President’s trial looms over Kenya

Anver Versi

Kenyan politics is in limbo while the President and Vice-President stand trial in The Hague, accused of inciting violence during the 2008 elections. President Uhuru Kenyatta has warned of a “power vacuum” if both men are involved in court proceedings abroad 

Over the next few months, the direction of Kenya’s political future will hang in the balance as the President, Uhuru Kenyatta, and his Vice-President, William Ruto, go on trial at The Hague, charged with crimes against humanity by the International Criminal Court (ICC). Ruto appeared before the court on 10 September and pleaded not guilty. Kenyatta’s trial is due to begin in November, but the African Union has asked for it to be delayed. 

Joshua Sang, a radio journalist, is facing similar charges but the case has been dropped against three others who had originally been charged. Earlier in September, the country’s parliament passed a motion, after a spirited debate, to withdraw from the international body – but this came too late to affect the course of the trial. 

Both leaders have said they will cooperate with the ICC, but Kenyatta has warned that a damaging power vacuum could develop if he and his Vice-President are both absent from the country at the same time. “If you want us to continue to co-operate with the ICC process,” he said, “let me make it clear that when Ruto is at The Hague I will be here and when I am at The Hague, Ruto will be here.” The constitution of Kenya specifies that both the President and Vice-President cannot be absent from the country at the same time.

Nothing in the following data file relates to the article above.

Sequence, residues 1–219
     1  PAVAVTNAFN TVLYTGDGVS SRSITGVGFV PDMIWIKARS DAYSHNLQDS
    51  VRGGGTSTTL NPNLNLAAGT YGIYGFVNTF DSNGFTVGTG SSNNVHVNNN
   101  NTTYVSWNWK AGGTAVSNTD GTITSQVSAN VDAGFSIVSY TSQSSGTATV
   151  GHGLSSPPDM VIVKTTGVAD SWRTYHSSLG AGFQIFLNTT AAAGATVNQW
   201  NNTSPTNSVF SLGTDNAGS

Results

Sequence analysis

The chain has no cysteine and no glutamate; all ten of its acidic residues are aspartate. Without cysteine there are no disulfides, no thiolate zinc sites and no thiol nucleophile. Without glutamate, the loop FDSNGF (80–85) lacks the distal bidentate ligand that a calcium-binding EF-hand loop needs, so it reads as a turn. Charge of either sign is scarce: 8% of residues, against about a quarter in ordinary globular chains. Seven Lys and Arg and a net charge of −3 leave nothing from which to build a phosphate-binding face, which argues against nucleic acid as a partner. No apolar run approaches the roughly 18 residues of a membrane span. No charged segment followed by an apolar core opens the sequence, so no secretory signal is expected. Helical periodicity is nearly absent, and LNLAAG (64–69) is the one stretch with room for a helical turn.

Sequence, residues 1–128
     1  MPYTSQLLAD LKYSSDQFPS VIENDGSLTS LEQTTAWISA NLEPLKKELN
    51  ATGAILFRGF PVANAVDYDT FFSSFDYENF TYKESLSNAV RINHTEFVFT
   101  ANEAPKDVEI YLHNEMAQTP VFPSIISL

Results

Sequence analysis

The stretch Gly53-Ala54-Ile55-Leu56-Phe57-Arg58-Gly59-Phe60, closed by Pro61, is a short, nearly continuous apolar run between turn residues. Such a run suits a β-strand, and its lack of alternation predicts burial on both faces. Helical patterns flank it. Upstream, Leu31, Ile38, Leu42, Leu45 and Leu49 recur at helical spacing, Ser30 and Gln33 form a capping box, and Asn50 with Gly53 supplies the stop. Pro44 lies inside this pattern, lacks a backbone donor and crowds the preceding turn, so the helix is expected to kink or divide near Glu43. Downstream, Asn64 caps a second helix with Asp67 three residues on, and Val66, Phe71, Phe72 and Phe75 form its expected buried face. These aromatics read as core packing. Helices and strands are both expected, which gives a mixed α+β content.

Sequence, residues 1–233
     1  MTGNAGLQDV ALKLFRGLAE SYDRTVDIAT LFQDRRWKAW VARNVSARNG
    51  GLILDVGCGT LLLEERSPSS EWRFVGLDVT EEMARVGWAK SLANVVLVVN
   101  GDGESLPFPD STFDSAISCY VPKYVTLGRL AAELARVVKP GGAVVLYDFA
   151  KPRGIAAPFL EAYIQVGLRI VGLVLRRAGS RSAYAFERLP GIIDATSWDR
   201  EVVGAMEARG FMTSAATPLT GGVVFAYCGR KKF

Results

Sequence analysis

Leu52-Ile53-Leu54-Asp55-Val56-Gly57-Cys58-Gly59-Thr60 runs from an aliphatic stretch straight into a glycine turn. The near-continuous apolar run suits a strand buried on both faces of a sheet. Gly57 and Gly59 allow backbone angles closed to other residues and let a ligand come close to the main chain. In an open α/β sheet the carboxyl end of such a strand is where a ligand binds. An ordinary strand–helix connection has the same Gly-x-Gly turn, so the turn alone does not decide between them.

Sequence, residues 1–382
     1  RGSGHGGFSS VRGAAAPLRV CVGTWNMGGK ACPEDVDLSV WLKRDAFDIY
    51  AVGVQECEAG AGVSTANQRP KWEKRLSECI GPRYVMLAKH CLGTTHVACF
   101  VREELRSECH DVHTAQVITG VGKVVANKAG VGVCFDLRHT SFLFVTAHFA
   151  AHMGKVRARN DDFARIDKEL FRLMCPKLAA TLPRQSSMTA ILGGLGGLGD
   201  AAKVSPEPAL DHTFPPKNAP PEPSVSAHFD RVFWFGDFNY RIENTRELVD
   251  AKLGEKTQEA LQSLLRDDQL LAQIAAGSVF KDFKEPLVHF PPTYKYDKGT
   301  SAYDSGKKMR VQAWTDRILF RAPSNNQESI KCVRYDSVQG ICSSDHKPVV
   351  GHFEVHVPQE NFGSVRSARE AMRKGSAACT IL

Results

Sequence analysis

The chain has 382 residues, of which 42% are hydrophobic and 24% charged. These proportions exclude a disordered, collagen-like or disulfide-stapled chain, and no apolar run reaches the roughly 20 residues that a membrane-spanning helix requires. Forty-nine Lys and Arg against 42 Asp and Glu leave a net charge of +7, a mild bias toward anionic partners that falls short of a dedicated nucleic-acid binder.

It is not clear how long the trial will last, but it is expected to take at least a few months. The ICC has conceded, however, that Kenyatta only needs to be present for key parts of his trial – namely the opening and closing statements – and that the rest of the hearing can take place in his absence. 

Despite slapping new VAT on a slew of products previously exempt in an effort to raise revenues and, among other things, pay salaries for some civil servants, Kenyatta remains popular with the majority of Kenyans. 

As Ruto prepared to leave for The Hague, the public mood in the capital Nairobi, and the main port of Mombasa, was belligerent. The belief is that the ICC is anti-African and in cahoots with Western powers, particularly Britain and the USA. In the run-up to the elections held last December, Johnnie Carson, the former US Assistant Secretary of State for African affairs, had warned Kenyans not to elect Kenyatta and Ruto. “Choices have consequences,” he had threatened. However, those who were directly affected by the violence say they feel that justice will at last be done. 

“The cult of impunity is over,” said Wilberforce Soiti, who was lucky to escape with his life.